In reversing this ruling, the First Department determined that the email was not protected by the common law privilege that applies to statements in the context of a judicial proceeding or the statutory privilege provided in Civil Rights Law § 74.[16]  This was likely due to the fact that the email was sent outside the litigation and was between non-parties to the lawsuit.[17]  The First Department then granted leave to Defendants to amend their answer to assert a claim for defamation.[18]   This decision serves as a reminder of the contours of the common law privilege from defamation as applied to judicial proceedings.


[1] BEC Capital, LLC et al. v. Bistrovic et al., 177 A.D.3d 438, 438-39 (1st Dep’t 2019).

[2] Id. at 439.

[3] Record on Appeal, BEC Capital, LLC et al.  v. Bistrovic et al., No. 2018-6021, NYSCEF Doc. No. 3 at 4 (1st Dep’t) (“Record on Appeal”).

[4] Record on Appeal at 4.

[5] Commercial Division Rule 11-g includes a Proposed Form of Confidentiality Order, but permits the parties to request a deviation from the proposed order.

[6] Record on Appeal at 8.

[7] Record on Appeal at 13-37.

[8] Record on Appeal at 447.

[9] Defendants-Appellants’ Br., BEC Capital, LLC et al.  v. Bistrovic et al., No. 2018-6021, NYSCEF Doc. No. 4 at 5 (1st Dep’t) (Defs.’ Br.).

[10] Defs.’ Br. at 5, 14.

[11] Dynamic Microprocessor Assocs. v. EKD Computer Sales, 919 F. Supp. 101, 106 (E.D.N.Y 1996).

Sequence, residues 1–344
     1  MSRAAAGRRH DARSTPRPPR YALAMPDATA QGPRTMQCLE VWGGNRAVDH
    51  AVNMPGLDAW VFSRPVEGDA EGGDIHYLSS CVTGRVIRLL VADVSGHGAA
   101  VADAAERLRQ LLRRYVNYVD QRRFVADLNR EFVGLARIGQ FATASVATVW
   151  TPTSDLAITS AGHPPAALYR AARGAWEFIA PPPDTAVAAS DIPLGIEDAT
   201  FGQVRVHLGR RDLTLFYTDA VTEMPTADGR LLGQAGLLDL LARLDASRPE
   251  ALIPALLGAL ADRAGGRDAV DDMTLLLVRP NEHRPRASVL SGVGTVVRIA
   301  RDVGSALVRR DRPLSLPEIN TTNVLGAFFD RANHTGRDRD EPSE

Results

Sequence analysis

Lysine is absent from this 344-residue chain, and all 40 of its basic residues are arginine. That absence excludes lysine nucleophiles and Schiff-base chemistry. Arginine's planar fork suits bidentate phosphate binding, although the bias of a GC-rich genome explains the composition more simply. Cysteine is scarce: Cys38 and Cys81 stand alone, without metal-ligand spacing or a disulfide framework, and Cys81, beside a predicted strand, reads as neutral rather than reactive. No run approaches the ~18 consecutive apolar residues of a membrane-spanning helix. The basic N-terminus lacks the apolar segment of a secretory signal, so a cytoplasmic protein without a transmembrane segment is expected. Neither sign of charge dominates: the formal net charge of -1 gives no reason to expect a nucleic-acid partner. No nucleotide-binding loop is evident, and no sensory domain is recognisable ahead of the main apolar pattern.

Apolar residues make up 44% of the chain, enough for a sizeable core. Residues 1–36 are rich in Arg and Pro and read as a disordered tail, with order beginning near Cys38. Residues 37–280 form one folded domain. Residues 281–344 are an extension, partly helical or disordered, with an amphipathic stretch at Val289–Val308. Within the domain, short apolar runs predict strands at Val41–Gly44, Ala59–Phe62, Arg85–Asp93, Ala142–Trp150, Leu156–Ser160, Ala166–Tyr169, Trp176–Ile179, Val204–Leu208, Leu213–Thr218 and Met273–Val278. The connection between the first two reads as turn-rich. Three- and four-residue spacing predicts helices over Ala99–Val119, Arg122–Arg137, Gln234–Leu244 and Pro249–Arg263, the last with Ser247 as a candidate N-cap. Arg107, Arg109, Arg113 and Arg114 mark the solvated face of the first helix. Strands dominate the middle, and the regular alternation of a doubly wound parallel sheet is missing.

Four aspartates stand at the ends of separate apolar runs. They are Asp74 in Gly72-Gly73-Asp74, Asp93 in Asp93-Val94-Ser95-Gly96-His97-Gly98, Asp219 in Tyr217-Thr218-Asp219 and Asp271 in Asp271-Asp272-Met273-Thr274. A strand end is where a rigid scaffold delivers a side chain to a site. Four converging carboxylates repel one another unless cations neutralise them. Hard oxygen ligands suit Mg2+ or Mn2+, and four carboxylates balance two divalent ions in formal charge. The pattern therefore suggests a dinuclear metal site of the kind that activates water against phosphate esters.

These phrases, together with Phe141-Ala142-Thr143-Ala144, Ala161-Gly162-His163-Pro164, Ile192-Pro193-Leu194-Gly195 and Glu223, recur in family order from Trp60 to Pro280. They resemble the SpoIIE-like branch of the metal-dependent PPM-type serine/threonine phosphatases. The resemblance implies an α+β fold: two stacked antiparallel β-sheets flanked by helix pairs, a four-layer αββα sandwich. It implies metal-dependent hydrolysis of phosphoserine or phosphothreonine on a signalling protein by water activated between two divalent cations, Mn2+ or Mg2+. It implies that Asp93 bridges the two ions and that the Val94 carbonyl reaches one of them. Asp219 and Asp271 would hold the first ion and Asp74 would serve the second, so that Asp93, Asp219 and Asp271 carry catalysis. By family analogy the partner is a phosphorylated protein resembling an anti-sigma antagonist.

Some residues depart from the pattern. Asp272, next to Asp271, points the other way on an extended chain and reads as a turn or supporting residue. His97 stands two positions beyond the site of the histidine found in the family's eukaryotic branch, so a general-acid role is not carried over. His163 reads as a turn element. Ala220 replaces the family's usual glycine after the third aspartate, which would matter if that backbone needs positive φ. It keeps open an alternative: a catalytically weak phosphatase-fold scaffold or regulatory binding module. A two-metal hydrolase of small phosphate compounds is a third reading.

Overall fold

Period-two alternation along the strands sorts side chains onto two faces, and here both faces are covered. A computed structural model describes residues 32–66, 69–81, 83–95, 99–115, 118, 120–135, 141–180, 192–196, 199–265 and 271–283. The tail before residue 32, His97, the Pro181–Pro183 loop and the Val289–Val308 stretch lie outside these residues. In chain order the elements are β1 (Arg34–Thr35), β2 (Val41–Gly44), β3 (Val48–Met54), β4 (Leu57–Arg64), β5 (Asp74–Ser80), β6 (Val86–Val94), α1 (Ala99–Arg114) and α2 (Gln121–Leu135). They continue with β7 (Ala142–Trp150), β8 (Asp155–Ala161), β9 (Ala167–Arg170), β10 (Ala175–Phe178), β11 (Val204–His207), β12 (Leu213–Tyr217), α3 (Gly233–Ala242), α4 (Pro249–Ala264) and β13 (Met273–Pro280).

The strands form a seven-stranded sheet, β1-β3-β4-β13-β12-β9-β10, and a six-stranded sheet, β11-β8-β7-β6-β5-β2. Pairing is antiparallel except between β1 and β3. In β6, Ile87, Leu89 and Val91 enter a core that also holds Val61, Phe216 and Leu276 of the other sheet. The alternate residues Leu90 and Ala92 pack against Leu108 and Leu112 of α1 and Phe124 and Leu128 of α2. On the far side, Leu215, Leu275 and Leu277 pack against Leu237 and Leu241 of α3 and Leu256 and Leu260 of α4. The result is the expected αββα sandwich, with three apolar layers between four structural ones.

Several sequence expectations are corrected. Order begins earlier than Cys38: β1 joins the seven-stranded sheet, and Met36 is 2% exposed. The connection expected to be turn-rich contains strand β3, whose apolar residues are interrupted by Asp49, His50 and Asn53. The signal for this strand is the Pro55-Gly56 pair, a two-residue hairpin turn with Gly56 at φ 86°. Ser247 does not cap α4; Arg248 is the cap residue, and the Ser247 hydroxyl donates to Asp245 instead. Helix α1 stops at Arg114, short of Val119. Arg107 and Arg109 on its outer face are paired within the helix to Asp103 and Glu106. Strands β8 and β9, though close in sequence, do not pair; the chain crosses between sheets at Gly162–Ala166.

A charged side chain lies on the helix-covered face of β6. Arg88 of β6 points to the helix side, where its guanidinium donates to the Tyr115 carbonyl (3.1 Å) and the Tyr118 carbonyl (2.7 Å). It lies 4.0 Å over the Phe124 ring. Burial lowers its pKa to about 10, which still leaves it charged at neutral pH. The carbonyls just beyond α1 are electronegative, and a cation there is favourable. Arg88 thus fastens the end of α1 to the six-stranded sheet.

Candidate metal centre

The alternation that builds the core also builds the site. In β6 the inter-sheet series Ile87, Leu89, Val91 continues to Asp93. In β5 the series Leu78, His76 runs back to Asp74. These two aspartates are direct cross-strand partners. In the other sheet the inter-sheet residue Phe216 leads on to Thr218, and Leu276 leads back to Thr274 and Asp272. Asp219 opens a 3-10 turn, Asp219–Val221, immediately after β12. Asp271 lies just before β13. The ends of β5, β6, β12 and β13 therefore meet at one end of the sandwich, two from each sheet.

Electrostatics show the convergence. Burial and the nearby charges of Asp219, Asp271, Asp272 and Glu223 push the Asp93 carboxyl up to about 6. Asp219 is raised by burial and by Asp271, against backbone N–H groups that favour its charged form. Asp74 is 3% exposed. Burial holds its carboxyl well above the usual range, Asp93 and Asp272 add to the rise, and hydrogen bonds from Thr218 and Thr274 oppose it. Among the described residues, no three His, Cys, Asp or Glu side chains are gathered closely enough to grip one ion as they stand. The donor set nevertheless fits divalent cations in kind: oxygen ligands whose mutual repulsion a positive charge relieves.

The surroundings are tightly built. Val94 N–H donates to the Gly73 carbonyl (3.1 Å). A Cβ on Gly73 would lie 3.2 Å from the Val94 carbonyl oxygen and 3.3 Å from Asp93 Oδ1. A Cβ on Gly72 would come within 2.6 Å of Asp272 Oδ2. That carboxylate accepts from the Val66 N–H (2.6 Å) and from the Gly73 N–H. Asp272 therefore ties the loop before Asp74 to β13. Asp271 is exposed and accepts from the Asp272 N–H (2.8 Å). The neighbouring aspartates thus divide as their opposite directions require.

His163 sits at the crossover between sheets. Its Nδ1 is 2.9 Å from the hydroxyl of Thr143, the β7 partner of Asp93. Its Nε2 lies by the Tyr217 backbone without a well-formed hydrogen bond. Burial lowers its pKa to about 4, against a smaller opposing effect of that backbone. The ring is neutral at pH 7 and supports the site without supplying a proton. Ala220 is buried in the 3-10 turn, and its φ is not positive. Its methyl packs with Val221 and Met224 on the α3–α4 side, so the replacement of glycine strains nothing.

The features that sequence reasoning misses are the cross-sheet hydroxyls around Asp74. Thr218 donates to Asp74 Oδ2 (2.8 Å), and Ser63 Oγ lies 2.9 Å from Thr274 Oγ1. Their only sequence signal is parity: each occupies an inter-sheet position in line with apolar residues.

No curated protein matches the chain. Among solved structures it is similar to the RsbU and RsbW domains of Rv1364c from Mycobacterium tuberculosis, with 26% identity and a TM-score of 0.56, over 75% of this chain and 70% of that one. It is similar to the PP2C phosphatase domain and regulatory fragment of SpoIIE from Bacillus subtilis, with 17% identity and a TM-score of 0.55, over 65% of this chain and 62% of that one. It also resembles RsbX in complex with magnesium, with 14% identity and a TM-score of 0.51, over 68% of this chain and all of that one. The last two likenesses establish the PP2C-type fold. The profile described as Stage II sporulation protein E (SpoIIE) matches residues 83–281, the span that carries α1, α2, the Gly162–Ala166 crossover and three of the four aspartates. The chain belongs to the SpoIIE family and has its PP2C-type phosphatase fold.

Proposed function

[12] Id.

[13] BEC Capital, 177 A.D.3d at 439.

[14] Defs.’ Br. at 19.

[15] Record on Appeal at 17-20.

[16] BEC Capital, LLC., 177 A.D.3d at 439; N.Y. Civil Rights Law § 74 (“A civil action cannot be maintained against any person, firm or corporation, for the publication of a fair and true report of any judicial proceeding, legislative proceeding or other official proceeding, or for any heading of the report which is a fair and true headnote of the statement published.  This section does not apply to a libel contained in any other matter added by any person concerned in the publication; or in the report of anything said or done at the time and place of such a proceeding which was not a part thereof.”).

[17] See Williams v. Williams, 23 N.Y.2d 592 (1969).)

[18] BEC Capital, LLC., 177 A.D.3d at 439.